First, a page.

Others are: c. improvement in plants and animals yields as well as nutritional values; d. production of new breeds/varieties of animals and plants and e. reduction in the use of pesticides.

Also, f. reduction in farming land area with higher yields, facilitates Job and wealth creation, leads to better health facilities; g. promotion of bioorganic fertilizer development and industrial growth through feed-stock development; h. promotion and development of biopharmaceuticals production, Stem Cell technology, biometrics, etc in Nigeria and i. biodiversity conservation.

One thing the law will provide is an accelerated agricultural development for an African giant.

Biotech Communication: The role of Collaboration Between Journalists and Scientists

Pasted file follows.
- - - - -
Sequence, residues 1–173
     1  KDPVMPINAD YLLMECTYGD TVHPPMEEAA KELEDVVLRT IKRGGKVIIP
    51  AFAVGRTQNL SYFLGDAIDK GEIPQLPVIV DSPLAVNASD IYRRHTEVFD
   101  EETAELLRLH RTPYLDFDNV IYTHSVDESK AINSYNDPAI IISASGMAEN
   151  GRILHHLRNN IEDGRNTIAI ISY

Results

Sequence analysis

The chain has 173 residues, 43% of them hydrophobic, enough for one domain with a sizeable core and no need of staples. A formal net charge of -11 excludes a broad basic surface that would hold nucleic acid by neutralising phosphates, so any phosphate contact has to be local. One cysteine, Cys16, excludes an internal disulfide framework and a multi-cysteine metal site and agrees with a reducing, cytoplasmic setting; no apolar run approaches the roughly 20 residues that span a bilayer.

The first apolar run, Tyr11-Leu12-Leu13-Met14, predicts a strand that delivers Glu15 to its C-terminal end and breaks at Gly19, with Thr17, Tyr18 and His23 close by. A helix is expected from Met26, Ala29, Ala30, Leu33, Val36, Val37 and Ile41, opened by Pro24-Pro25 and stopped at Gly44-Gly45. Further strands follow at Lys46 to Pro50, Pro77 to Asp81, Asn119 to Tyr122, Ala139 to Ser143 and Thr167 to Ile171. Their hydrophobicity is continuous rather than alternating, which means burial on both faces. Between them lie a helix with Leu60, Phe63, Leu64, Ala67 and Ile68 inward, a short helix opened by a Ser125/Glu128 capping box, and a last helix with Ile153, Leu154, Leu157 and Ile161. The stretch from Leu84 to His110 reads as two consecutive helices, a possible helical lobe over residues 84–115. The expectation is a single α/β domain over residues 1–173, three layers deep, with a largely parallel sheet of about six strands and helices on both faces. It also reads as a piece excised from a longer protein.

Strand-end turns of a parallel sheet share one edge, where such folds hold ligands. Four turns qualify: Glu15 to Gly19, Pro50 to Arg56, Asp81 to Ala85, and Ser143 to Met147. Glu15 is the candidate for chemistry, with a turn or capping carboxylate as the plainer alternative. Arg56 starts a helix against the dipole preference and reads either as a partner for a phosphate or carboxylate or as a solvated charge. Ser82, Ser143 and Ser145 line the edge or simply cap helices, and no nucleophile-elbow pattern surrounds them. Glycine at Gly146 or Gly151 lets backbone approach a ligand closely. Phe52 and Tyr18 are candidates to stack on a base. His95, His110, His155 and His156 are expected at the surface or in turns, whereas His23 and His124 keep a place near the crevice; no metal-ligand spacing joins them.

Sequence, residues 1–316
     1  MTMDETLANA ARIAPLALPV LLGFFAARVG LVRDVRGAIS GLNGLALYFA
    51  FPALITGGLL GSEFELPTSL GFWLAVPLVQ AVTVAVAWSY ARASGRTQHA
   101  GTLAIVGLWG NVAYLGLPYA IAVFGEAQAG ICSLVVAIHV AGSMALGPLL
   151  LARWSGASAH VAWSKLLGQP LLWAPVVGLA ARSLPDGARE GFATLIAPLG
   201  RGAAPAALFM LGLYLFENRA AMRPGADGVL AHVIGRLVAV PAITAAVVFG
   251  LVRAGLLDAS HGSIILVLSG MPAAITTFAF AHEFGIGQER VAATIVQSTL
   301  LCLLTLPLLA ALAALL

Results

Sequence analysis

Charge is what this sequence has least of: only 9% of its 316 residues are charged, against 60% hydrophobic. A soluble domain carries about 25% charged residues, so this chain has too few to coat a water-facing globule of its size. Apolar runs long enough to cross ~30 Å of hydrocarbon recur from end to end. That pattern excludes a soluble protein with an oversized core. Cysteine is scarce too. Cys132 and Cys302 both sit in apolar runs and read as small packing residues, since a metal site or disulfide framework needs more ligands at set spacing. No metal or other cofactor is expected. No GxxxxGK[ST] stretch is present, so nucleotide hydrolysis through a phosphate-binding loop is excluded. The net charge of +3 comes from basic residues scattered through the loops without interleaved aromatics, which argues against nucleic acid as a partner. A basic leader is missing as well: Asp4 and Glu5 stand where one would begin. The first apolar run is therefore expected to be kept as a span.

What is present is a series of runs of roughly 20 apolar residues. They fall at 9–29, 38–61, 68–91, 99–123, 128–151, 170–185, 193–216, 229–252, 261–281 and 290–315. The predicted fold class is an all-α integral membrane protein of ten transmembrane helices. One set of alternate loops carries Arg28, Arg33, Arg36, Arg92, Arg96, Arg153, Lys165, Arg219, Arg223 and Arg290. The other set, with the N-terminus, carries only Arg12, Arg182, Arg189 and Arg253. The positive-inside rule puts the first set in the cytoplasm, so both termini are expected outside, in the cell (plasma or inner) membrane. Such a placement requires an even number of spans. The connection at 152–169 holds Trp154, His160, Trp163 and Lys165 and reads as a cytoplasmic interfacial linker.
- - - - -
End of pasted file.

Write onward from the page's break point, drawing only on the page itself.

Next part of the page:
Agriculture, Features, Science

Biotech Communication: The role of Collaboration Between Journalists and Scientists
By Abdallah el-Kurebe

Biotechnology is one subject, which understanding by the generality of the people (except scientists), is shrouded by mix reactions. The misunderstanding of biotech creates the need for its proper communication so that people would understand the role it plays in development, generally.

However, since. scientists do not have the skills to communicate biotechnology, journalists readily situate themselves for the job.

Biotechnology is an evolving field of technology especially in Nigeria, the reason that the African Agricultural Technology Foundation (AATF) found it necessary to train journalists and agricultural extension workers on biotech communications and science reporting.